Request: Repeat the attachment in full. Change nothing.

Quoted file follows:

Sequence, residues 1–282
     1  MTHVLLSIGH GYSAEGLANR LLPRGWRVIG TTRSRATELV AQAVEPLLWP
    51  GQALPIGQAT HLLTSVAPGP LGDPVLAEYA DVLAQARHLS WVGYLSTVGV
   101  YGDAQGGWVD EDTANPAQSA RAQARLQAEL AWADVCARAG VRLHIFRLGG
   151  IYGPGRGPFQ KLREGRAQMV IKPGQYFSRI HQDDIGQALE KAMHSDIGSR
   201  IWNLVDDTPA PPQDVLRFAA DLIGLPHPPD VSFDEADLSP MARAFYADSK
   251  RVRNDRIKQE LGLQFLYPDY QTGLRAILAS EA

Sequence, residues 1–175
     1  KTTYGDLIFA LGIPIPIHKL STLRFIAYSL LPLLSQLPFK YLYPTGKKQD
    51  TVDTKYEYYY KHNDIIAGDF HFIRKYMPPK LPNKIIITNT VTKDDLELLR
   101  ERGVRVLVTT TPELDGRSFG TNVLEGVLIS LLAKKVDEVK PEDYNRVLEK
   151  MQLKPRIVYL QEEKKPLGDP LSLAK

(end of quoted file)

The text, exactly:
Sequence, residues 1–282
     1  MTHVLLSIGH GYSAEGLANR LLPRGWRVIG TTRSRATELV AQAVEPLLWP
    51  GQALPIGQAT HLLTSVAPGP LGDPVLAEYA DVLAQARHLS WVGYLSTVGV
   101  YGDAQGGWVD EDTANPAQSA RAQARLQAEL AWADVCARAG VRLHIFRLGG
   151  IYGPGRGPFQ KLREGRAQMV IKPGQYFSRI HQDDIGQALE KAMHSDIGSR
   201  IWNLVDDTPA PPQDVLRFAA DLIGLPHPPD VSFDEADLSP MARAFYADSK
   251  RVRNDRIKQE LGLQFLYPDY QTGLRAILAS EA

Sequence, residues 1–175
     1  KTTYGDLIFA LGIPIPIHKL STLRFIAYSL LPLLSQLPFK YLYPTGKKQD
    51  TVDTKYEYYY KHNDIIAGDF HFIRKYMPPK LPNKIIITNT VTKDDLELLR
   101  ERGVRVLVTT TPELDGRSFG TNVLEGVLIS LLAKKVDEVK PEDYNRVLEK
   151  MQLKPRIVYL QEEKKPLGDP LSLAK